# How to simulate exponential growth

I'm working on a game, and in it I want growth to happen exponentially - so, for example, getting from 2 to 3 people might take around the same time as getting from 2 million to 3 million people. However, I would like this growth to be random if possible to make it more realistic. So far I have a method that works well:

``````if (buildingCount > populationCount && foodCount > populationCount)
for(int i=1;i<populationCount;i++) {
int randomInt = random.nextInt(1000);
if (randomInt == 42) {
Data.main.setPopulationCount(populationCount+1);
}
}
if ((buildingCount < populationCount || foodCount < populationCount)&&populationCount>2)
for(int i=1;i<populationCount;i++) {
int randomInt = random.nextInt(1000);
if (randomInt == 888) {
Data.main.setPopulationCount(populationCount-1);
}
``````

However, I realise this will not be sustainable. It runs approximately 60 times a second (on that magnitude), and once it reaches levels of millions, it may end up running billions of operations per second - a bit much for such a simple check. I'll put it on an interval if I have to, but I'd rather keep it random.

I tried to find an equation for the probability but ended up with:

Σ(99^r/1000^(r+1)) from r=0 to p (where p = probability)

Is there any easy way to change that probability to a test, or a simpler method in Java to accomplish such a purpose.

If it helps I'm using LibGdx as an engine.

• Rather than looping N times for your population and incrementing by one, why not pick a number from 1 to 1000 and multiply by N? Commented Apr 11, 2018 at 15:28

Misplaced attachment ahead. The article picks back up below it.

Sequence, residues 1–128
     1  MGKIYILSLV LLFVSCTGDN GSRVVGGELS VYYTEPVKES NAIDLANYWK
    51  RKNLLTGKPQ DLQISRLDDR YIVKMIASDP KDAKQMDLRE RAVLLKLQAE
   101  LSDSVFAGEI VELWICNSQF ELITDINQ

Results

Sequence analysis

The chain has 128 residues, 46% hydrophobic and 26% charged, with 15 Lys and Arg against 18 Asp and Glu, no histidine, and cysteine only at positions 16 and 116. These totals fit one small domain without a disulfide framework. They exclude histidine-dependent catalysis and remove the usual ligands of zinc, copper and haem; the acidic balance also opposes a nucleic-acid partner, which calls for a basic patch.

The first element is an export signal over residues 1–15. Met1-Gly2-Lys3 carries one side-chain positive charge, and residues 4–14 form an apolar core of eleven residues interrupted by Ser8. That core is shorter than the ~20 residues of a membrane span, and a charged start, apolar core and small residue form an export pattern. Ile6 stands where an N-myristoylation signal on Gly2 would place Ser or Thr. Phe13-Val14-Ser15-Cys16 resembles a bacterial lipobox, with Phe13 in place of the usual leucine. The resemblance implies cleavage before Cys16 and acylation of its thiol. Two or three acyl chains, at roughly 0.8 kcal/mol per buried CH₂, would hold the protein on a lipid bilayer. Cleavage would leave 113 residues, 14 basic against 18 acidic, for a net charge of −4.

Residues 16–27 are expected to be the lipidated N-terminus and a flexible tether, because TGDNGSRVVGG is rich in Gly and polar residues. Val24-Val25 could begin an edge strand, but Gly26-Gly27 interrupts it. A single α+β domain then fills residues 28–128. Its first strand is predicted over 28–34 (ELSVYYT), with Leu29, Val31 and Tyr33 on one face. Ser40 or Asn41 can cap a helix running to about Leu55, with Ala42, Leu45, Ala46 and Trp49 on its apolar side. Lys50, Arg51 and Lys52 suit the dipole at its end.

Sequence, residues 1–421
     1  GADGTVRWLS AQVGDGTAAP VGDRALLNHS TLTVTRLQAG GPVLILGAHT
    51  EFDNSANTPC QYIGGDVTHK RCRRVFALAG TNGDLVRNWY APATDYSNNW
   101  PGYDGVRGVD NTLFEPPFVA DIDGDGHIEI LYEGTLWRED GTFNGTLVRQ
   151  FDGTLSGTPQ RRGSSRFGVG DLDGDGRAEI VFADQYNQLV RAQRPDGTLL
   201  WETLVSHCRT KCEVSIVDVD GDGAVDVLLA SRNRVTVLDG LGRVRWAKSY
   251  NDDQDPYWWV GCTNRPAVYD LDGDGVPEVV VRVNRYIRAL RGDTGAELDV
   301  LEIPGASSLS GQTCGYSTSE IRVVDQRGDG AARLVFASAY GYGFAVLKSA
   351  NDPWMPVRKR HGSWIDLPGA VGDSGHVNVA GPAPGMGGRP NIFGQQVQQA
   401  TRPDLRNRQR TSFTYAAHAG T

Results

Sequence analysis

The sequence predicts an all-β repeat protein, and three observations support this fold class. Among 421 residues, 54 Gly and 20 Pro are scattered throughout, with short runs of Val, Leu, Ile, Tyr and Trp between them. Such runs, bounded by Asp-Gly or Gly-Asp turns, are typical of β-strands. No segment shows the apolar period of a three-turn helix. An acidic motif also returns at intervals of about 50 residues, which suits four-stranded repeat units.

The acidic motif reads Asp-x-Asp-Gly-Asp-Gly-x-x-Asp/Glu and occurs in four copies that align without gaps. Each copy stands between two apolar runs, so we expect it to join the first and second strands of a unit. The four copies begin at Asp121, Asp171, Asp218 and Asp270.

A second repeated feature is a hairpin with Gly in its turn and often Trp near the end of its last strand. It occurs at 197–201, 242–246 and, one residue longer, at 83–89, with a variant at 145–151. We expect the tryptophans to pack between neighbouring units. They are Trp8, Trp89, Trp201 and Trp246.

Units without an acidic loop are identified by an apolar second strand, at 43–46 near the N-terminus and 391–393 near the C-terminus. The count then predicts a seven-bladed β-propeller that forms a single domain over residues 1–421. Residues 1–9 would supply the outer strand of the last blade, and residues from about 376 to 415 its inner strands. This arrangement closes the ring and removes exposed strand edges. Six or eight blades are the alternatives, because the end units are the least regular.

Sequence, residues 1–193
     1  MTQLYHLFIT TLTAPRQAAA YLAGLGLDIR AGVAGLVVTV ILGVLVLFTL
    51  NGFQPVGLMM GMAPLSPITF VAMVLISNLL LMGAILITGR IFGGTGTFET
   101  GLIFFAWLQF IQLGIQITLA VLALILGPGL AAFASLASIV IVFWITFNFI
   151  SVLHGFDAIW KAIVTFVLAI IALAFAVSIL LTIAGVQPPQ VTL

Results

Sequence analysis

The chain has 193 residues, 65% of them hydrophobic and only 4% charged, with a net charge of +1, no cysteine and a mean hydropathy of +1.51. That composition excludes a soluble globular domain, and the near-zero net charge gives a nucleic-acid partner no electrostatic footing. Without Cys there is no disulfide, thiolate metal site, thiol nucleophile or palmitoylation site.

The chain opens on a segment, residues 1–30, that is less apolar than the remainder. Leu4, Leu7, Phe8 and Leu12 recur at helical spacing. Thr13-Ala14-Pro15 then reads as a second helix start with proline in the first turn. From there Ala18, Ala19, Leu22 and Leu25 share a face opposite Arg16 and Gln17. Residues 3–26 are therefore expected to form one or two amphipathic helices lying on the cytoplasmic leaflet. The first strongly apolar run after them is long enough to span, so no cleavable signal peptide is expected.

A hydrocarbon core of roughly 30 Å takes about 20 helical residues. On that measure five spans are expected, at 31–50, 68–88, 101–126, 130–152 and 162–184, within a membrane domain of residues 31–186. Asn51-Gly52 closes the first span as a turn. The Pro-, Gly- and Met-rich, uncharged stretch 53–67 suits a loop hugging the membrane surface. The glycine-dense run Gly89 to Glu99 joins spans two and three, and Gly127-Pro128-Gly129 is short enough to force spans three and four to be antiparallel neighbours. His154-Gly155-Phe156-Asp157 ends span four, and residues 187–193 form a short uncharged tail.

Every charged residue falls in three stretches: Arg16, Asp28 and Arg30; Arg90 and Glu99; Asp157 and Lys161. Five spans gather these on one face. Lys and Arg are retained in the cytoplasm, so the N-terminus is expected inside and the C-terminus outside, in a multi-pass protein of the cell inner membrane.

• Do you mean pick a number, 42 for example, and multiply that by the population - eg. 3. That would give 126 - too big an increase, or do you mean there's a 1 in 1000 chance of increasing by 3 - in which case it would miss out populations of 4 and 5 Commented Apr 11, 2018 at 15:37
• If the building and food conditions are met, the split (population++) chance for each person is 1/1000. So for N people, there will be on average n/1000 splits per tick. Why not just add (n +- random)/1000 people per tick? The random would have to be a normal distribution based on n. Even with 20 people you will rarely get random=1500, for +2 pop on a tick, but normally it would +0 or +1. Might need a bit of tweaking for the initial stage of the game when pop is small (so as to not always round to zero), but should work nicely after that. Commented Apr 11, 2018 at 15:52
• @leoderprofi Good point, BigInteger could be a solution however its immutable. Commented Apr 11, 2018 at 16:02

It seems that, assuming the distribution of random numbers is uniform, you'll increase the population count by `n / 1000`, on average, for a population count of `n`.

To emulate this, it might be a good idea to just divide `populationCount` by `500` and use `ThreadLocalRandom#nextGaussian` to determine how much to increment `populationCount` by, allowing you to rid yourself of the for-loop:

``````if (buildingCount > populationCount && foodCount > populationCount) {
if (populationCount > 1000) {